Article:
Victorian London - Houses and Housing - Hotels - Thames Bank Depository

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IT is well known to most of our readers, that, for some time past, an immense range of buildings has been in the builder's hands, to be fitted up as a sort of barracks, or sleeping depot, for the accommodation of some hundreds of persons who intend to locate themselves in the metropolis during the ensuing Great National Exhibition. The establishment is named "The Mechanics' Home for 1851," and is situated in Ranelagh-road, near Vauxhall-bridge, on the Middlesex bank of the Thames. The premises occupy an area of two acres, is surrounded by roads on three sides, and is in a perfectly airy situation, and admirably ventilated. The plan has been recommended by the Executive Committee of the Exhibition and the arrangements were approaching completion, when, on Monday morning, we regret to state, the premises were greatly injured by fire.
    It appears that, at the time of the disaster, a few minutes after seven o'clock, the Depositary was tilled with valuable property of nearly every description. In order to keep the articles in the place free from damp or mildew, a hot-air pipe passed along the ceiling of each floor, and it is generally understood that the heat of this pipe caused the great destruction of property.
    At the time above stated, some of the men who were at work in the yard perceived smoke issuing from one of the windows in the Depositary, facing the model sleeping-rooms; and, upon entering the first-named building, flames were found raging, and portions of the burning materials were falling among the many hundred packages in the premises. Messengers were dispatched for the fire-engines, during which time Mr. Smith (the chief clerk to Mr. Harrison, the proprietor), with Messrs. Smart, Izod, Atkinson, Thompson, and a body of the B police, did all they possibly could in endeavouring to stop the flames and rescue some of the property. Unfortunately, the furniture was packed so closely on either side of the premises, that barely sufficient room existed for two men to pass up the centre, so that their exertions were greatly retarded.
    In a very brief period, numerous engines of the London brigade, with that of the West of England Insurance-office, and a powerful body of firemen, reached the scene, but, unfortunately, 15 minutes elapsed before water could be procured from the Chelsea mains, which run through the district. During that interval two of the engines were taken round to Bramah's Dock and set to work but the flames had previously rushed through a loop-hole in the ceiling, and were doing great havoc among the valuable articles in the upper floor.
    By noon, however, the firemen succeeded in extinguishing the fire, when it was found that. scarcely an article of furniture in the Depositary where the flames had entered had escaped damage of souse sort, and many of the costly goods were entirely destroyed. The premises (a brick building, 130 feet long, being termed fireproof), and their contents were not insured.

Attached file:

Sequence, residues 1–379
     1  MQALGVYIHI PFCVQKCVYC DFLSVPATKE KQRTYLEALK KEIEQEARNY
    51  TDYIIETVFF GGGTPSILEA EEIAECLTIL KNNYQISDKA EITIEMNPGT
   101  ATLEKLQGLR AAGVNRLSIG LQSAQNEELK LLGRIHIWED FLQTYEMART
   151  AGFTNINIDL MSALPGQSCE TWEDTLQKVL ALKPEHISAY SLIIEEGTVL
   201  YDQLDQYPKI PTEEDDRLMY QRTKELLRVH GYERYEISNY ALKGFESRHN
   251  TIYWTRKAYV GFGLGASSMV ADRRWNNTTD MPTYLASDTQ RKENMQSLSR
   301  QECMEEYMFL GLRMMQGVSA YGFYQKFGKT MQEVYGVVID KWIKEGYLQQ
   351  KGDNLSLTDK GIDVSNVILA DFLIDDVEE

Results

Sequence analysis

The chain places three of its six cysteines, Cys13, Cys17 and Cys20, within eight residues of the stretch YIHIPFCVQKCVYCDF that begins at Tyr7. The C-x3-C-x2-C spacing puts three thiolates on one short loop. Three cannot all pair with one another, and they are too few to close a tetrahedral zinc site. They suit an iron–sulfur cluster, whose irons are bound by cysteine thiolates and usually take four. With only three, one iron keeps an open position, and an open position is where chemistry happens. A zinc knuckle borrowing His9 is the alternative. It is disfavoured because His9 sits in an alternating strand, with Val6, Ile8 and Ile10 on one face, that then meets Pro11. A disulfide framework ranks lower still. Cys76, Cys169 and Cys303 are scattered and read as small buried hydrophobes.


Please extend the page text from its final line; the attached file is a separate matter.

A great crowd congregated on the spot throughout the day, and it required a strong body of the B police to keep them out of the way of the firemen.
    As the Mechanics' Home promises to be a most serviceable establishment, we hope the above damage will be speedily repaired. The accommodation will be good provision for sleeping, and security of luggage; a culinary department, from which the visitors will be supplied with breakfasts, dinners, &c., in a large and well-ventilated eating-room; and there will be a news-room and smoking-room-the latter provided with music.

Illustrated London News, Jan-June, 1851

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In our journal for April 12 we noticed the organisation of a "Mechanics' Home" at Thames Bank, near Vauxhall-bridge, for the reception of visitors to the Great Exhibition. This establishment is now in full operation, offering accommodation for 1000 persons. The premises are situated in Ranelagh-road, and cover an area of upwards of two acres. The arrangements combine comfort with economy for a trifling cost; the dormitories provide a separate bed for each individual, with soap, towels and every convenience for ablution; the rooms are lit with gas at night, and watched by efficient warders. The proper ventilation of the various apartments has received the approval of the authorities appointed for their inspection. A culinary department is attached to the establishment, to furnish visitors with provisions at a moderate and fixed price; the dining-room is large and well ventilated; there is also a separate smoking-room, detached from the main building.
A news-room, plentifully supplied with newspapers, magazines, and various publications relating to the Exhibition, and other sights of London, has been provided. Altogether, we cannot conceive anything in the shape of accommodation for large numbers of persons better calculated to ensure comfort, enjoyment. morality and social order, than the arrangements of this establishment; and Mr. Harrison, the proprietor is entitled to the thanks and support of the public for his foresight in providing so important an element of the enjoyment of thousands who visit the Exhibition, as a well appointed home.

Illustrated London News, August 2, 1851